by Charles McCarry ‧ RELEASE DATE: April 1, 2009
Will democracy survive? Readers will be left guessing until the last minute. A pleasing 21st-century rejoinder to the 1962...
What did Trelawny snatch from the funeral pyre at Viareggio? If you know the answer, you’re a natural for a secret Yale society that makes Skull and Bones look like the Elks.
There’s skullduggery afoot, and plenty of political intrigue, in this latest by accomplished mysterian McCarry (Christopher’s Ghosts, 2007, etc.), whose overarching message might be that one has no friends in Washington, those who call you friend are likely to do you harm, and when Republicans call you friend—well, schedule an appointment with the undertaker. McCarry’s setup is out of the headlines: A conservative presidential candidate wins office via electoral fraud. This time, however, his opponent has evidence. Enter the FIS—the heir to the CIA, replacing it “after it collapsed under the weight of the failures and scandals resulting from its misuse by twentieth-century Presidents.” Enter spooks, defense contractors, lobbyists and assorted other denizens of the District of Columbia—and, to boot, a few deranged assassins and Yale graduates up to no good. The plot thickens and thickens—it has to, after all, since, among other things, part of it turns on a presumptive president’s debating “the advantages and disadvantages of appointing a man he believed to be an enemy of democracy as Chief Justice of the United States.” There’s more than one clef in this roman, which has all the requisites of a Frederick Forsyth–style thriller but adds a few modern twists, some the product of a supersecret Moroccan-born agent whose stiletto heels are the real deal. She’s not the only hotty, and there’s the requisite steamy sex, too, told in requisite steamy language: “His great ursine weight fell upon her with a brutality that made her gasp with pleasure.” Other gasps await good guys and bad guys alike, especially when drilled by tiny bullets to the thorax and other unpleasant means of dispatch.Will democracy survive? Readers will be left guessing until the last minute. A pleasing 21st-century rejoinder to the 1962 novel Seven Days in May, and a capable whodunit.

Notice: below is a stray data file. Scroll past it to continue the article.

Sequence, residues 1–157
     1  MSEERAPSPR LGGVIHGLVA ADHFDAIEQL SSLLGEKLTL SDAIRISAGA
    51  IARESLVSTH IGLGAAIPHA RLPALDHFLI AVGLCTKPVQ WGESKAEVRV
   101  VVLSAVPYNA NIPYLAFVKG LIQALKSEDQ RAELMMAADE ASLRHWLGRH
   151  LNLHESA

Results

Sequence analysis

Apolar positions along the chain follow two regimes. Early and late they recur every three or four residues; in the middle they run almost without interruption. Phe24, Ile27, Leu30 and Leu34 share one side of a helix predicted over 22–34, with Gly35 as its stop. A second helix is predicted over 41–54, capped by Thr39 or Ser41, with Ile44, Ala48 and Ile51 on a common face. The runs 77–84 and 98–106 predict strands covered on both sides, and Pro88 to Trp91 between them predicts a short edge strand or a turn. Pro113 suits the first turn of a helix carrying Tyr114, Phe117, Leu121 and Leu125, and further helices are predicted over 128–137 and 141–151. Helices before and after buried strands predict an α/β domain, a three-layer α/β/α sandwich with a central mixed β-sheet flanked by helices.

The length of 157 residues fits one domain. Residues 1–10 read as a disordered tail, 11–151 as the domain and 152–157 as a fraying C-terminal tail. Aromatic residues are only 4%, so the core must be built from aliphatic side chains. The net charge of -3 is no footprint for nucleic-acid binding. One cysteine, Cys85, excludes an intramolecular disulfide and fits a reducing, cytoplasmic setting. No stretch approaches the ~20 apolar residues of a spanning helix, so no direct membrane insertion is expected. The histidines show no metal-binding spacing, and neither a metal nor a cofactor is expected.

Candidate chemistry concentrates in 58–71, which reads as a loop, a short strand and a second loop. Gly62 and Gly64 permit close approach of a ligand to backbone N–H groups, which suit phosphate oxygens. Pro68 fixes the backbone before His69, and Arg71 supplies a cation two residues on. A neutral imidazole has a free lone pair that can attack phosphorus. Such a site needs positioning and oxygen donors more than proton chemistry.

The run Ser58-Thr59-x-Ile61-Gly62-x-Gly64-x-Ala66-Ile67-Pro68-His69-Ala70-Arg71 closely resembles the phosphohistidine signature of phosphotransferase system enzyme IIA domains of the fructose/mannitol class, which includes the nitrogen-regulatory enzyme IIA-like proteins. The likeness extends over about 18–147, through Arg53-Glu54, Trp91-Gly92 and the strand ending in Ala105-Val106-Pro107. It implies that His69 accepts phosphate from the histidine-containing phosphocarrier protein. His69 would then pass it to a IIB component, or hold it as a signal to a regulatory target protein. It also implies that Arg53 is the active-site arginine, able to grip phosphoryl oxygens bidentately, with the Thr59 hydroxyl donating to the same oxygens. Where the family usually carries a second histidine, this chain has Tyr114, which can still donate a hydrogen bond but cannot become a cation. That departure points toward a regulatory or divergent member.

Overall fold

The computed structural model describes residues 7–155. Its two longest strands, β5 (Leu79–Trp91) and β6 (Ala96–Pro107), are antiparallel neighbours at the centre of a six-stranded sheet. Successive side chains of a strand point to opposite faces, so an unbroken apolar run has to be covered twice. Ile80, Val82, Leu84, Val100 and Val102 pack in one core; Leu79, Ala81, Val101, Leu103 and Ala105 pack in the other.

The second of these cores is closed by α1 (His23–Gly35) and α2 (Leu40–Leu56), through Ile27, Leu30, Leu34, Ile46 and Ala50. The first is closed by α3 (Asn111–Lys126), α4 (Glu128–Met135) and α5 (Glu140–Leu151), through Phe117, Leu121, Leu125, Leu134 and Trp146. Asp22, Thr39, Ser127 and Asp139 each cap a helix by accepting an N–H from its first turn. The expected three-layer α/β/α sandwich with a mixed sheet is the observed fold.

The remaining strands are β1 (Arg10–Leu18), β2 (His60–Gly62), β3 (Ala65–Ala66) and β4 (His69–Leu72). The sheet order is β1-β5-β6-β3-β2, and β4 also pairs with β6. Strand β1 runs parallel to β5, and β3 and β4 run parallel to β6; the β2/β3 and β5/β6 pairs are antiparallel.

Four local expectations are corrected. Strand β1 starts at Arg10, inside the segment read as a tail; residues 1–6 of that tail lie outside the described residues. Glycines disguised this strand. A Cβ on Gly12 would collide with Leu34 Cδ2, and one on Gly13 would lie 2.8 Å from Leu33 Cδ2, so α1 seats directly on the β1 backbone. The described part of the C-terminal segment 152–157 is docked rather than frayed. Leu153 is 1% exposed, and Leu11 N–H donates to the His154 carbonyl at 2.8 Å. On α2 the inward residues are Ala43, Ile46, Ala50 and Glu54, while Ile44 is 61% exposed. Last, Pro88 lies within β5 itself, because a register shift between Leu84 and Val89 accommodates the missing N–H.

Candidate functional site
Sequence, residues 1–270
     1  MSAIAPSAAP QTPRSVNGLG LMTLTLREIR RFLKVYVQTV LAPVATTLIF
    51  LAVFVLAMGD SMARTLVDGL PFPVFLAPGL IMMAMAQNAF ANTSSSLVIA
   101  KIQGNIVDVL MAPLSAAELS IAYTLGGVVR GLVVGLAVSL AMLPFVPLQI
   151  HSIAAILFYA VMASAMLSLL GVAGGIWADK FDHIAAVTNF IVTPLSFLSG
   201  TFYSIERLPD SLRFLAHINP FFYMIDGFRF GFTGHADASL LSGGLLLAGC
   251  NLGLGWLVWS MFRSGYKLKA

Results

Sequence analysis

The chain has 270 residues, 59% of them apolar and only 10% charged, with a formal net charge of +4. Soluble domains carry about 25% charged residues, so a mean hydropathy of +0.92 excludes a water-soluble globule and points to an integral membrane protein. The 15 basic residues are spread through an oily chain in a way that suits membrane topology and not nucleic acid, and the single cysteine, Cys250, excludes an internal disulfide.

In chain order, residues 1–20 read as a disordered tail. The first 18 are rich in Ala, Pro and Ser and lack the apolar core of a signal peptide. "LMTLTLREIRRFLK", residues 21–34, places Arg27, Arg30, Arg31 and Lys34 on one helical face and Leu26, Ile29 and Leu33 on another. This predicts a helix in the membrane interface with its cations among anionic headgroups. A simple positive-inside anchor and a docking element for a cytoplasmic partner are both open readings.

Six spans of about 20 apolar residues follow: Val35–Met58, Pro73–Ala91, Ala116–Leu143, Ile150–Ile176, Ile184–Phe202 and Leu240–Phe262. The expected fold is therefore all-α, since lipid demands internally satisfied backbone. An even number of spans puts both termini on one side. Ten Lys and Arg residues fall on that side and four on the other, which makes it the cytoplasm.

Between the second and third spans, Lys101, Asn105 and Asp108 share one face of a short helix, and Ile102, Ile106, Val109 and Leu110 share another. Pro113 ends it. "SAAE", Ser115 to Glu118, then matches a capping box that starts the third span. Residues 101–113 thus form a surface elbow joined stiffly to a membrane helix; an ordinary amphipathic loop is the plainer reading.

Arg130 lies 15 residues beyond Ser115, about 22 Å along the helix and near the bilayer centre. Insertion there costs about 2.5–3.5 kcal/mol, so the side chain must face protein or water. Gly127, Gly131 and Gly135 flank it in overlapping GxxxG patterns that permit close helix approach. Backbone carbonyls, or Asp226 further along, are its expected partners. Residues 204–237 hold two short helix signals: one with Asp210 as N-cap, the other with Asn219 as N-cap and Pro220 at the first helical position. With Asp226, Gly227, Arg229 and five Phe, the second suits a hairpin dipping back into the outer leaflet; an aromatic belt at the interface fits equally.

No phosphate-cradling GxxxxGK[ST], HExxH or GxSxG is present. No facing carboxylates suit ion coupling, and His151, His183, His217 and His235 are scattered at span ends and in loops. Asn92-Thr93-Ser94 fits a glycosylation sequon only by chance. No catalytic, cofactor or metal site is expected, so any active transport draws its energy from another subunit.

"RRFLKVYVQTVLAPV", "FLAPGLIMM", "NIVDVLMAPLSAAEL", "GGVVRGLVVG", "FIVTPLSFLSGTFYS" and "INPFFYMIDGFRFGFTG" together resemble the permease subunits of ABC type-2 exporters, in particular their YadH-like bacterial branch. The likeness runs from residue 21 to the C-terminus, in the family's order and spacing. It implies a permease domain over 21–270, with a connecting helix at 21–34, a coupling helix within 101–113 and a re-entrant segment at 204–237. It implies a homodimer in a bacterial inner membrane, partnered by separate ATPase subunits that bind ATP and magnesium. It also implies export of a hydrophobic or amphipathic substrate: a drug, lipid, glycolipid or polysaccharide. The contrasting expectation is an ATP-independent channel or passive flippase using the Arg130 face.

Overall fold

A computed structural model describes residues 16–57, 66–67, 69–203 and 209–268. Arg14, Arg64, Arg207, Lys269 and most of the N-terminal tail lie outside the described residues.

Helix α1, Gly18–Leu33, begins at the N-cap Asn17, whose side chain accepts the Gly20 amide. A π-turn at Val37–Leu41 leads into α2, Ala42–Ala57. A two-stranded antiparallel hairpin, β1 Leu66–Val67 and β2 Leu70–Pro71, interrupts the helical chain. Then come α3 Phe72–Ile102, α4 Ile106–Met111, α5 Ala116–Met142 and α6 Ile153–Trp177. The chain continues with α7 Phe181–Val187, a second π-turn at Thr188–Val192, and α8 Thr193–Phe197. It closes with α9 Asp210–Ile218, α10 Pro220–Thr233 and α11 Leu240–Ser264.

Pub Date: April 1, 2009
Page Count: 576
Review Posted Online: June 24, 2010
Kirkus Reviews Issue: March 1, 2009
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by Max Brooks ‧ RELEASE DATE: June 16, 2020